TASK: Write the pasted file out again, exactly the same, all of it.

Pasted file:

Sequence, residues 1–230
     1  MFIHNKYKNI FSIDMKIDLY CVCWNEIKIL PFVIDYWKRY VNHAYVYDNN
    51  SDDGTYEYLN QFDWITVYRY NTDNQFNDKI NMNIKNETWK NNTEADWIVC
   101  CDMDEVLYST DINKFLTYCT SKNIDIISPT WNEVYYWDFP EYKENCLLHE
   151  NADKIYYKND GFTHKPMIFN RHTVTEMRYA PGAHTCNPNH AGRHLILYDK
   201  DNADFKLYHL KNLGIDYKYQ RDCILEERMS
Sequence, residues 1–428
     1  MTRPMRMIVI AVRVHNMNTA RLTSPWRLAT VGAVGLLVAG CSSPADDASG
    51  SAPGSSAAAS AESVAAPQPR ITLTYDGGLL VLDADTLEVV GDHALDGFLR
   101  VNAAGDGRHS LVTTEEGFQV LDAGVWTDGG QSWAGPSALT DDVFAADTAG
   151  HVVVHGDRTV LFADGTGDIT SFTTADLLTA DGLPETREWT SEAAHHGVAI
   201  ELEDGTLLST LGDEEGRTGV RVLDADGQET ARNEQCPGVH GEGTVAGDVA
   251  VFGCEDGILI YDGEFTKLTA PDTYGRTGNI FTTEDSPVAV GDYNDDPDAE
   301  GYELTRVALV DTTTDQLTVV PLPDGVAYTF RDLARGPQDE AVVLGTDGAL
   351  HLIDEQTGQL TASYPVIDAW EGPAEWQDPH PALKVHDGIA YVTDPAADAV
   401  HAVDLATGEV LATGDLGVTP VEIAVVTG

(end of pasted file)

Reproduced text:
Sequence, residues 1–230
     1  MFIHNKYKNI FSIDMKIDLY CVCWNEIKIL PFVIDYWKRY VNHAYVYDNN
    51  SDDGTYEYLN QFDWITVYRY NTDNQFNDKI NMNIKNETWK NNTEADWIVC
   101  CDMDEVLYST DINKFLTYCT SKNIDIISPT WNEVYYWDFP EYKENCLLHE
   151  NADKIYYKND GFTHKPMIFN RHTVTEMRYA PGAHTCNPNH AGRHLILYDK
   201  DNADFKLYHL KNLGIDYKYQ RDCILEERMS
Sequence, residues 1–428
     1  MTRPMRMIVI AVRVHNMNTA RLTSPWRLAT VGAVGLLVAG CSSPADDASG
    51  SAPGSSAAAS AESVAAPQPR ITLTYDGGLL VLDADTLEVV GDHALDGFLR
   101  VNAAGDGRHS LVTTEEGFQV LDAGVWTDGG QSWAGPSALT DDVFAADTAG
   151  HVVVHGDRTV LFADGTGDIT SFTTADLLTA DGLPETREWT SEAAHHGVAI
   201  ELEDGTLLST LGDEEGRTGV RVLDADGQET ARNEQCPGVH GEGTVAGDVA
   251  VFGCEDGILI YDGEFTKLTA PDTYGRTGNI FTTEDSPVAV GDYNDDPDAE
   301  GYELTRVALV DTTTDQLTVV PLPDGVAYTF RDLARGPQDE AVVLGTDGAL
   351  HLIDEQTGQL TASYPVIDAW EGPAEWQDPH PALKVHDGIA YVTDPAADAV
   401  HAVDLATGEV LATGDLGVTP VEIAVVTG